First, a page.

By Alan Duffy
“You can stick this f**king pathetic excuse for a dog up your b****cks”
If you were a strong enough human being to endure the usual trite ‘man on the terrace’ bile from Adrian Chiles on ITV tonight for the post-Spain v Ireland analysis, you would have witnessed another of Roy Keane’s ‘telling it like it is’ moments.
The former Boy in Green lambasted the performance by the Irish team and questioned the attitude of a number of the players who played against Spain. After watching a post-match interview with Keith Andrews, who praised the Irish support (who magnificently sung ‘Fields of Athenry’ during large chunks of the game), Keane said:
“Listen, the supporters want to see the team doing a lot better and not giving daft goals away like that. I’m not too happy with all that nonsense. To praise the supporters for sake of it? Let’s change that attitude towards Irish supporters.”
“They want to see the team winning. Let’s not kid ourselves, we’re a small country, we’re up against it, but let’s not just go along for the sing-song every now and again.”
Now, in a sea of beige, bland punditry, Keane’s outspoken views should, in theory, be welcomed. However, the former Man Utd star’s apparent ‘no holds barred’ views all too often smack of bitterness rather than genuine honesty. Remember, this is the man who walked out on the Ireland team at the 2002 World Cup finals, as well as failing to match the kind of managerial success in his own post-playing career that he seems to expect from every other coach.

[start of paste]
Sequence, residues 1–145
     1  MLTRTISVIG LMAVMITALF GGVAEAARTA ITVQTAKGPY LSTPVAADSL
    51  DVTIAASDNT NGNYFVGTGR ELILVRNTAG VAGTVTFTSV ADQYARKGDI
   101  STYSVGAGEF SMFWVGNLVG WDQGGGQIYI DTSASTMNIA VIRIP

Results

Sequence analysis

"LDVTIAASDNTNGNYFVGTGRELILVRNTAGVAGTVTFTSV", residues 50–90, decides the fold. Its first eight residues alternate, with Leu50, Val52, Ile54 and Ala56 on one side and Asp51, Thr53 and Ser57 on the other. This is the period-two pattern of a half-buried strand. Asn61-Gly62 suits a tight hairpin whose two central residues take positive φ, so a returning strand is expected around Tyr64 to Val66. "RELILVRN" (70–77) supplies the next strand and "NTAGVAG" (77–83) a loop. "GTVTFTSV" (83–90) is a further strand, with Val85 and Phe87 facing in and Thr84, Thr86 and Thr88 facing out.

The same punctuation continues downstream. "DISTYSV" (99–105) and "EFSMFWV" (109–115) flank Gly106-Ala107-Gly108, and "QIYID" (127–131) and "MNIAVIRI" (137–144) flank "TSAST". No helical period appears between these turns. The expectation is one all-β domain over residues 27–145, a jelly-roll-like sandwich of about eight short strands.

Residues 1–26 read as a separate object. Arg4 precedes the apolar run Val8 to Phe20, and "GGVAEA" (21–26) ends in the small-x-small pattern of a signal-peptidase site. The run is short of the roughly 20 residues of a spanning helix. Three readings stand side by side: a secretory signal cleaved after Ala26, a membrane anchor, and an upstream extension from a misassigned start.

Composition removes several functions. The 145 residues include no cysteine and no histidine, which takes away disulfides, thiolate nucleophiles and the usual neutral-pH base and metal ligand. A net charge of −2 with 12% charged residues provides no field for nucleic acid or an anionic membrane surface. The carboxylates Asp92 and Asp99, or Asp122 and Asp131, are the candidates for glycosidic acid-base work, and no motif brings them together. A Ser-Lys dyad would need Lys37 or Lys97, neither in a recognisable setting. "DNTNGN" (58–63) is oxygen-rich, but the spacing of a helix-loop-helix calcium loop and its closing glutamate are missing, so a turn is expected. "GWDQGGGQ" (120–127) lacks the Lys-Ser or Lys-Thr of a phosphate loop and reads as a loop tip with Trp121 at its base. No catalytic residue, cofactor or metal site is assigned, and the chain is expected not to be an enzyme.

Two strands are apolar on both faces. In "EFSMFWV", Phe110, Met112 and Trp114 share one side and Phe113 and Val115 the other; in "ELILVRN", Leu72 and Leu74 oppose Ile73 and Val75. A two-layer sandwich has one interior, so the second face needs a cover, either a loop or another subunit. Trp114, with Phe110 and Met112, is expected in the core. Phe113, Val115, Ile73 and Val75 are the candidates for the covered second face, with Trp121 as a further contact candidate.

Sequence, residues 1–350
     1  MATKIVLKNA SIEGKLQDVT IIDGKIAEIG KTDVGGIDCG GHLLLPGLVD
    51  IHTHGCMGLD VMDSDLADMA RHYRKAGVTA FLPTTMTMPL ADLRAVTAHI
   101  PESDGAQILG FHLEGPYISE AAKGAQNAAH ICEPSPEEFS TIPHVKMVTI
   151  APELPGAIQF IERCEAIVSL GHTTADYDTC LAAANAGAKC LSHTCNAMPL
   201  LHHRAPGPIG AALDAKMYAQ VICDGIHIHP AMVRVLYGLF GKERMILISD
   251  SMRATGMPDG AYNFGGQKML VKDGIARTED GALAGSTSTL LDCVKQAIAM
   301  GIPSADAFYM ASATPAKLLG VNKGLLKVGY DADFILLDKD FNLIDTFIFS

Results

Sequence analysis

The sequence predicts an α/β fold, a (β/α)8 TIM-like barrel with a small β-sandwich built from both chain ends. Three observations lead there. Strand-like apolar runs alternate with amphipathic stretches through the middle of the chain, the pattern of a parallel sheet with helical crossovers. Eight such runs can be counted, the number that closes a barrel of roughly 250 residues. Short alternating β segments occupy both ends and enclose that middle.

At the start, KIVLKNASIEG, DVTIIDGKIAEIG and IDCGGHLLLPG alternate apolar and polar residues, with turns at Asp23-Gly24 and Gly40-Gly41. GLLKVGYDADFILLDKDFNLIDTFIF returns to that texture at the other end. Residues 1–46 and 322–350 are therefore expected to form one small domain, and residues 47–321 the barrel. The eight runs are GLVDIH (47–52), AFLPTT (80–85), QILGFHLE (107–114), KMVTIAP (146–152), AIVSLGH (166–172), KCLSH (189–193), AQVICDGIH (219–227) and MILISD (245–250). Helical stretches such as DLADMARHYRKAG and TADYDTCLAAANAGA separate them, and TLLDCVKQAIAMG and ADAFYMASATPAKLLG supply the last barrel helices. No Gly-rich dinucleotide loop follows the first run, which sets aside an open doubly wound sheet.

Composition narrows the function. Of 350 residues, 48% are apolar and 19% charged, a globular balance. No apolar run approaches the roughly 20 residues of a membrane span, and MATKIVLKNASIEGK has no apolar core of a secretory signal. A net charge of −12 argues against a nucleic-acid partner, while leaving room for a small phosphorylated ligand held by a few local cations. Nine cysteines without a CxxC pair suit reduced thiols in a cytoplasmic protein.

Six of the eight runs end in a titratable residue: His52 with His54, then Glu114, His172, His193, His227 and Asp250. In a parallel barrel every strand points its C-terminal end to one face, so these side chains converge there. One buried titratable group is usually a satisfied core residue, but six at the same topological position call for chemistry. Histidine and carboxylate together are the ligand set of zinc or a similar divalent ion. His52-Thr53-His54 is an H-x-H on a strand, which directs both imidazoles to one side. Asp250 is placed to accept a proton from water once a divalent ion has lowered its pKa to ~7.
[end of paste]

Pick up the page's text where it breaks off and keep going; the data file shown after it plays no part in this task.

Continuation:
In questioning the attitude of the Irish team, he is also questioning Ireland boss Giovanni Trapattoni, a legendary manager with an incredible CV who, by simply getting a very limited Irish side to the Euro finals, has been a successful appointment. Indeed, to say that Ireland shouldn’t just go along to major finals just “for the Singsong” is pathetically patronising to the Irish squad.
It seems that, in his eagerness to appear as a hard-nosed, cliché-free pundit, Keane has lost the ability to analyse a game properly, instead lazily calling on his faux-‘telling it like it is’ demeanour.
Blandness is unacceptable, or should be, in TV football punditry. But bitter, mock-honesty is little better.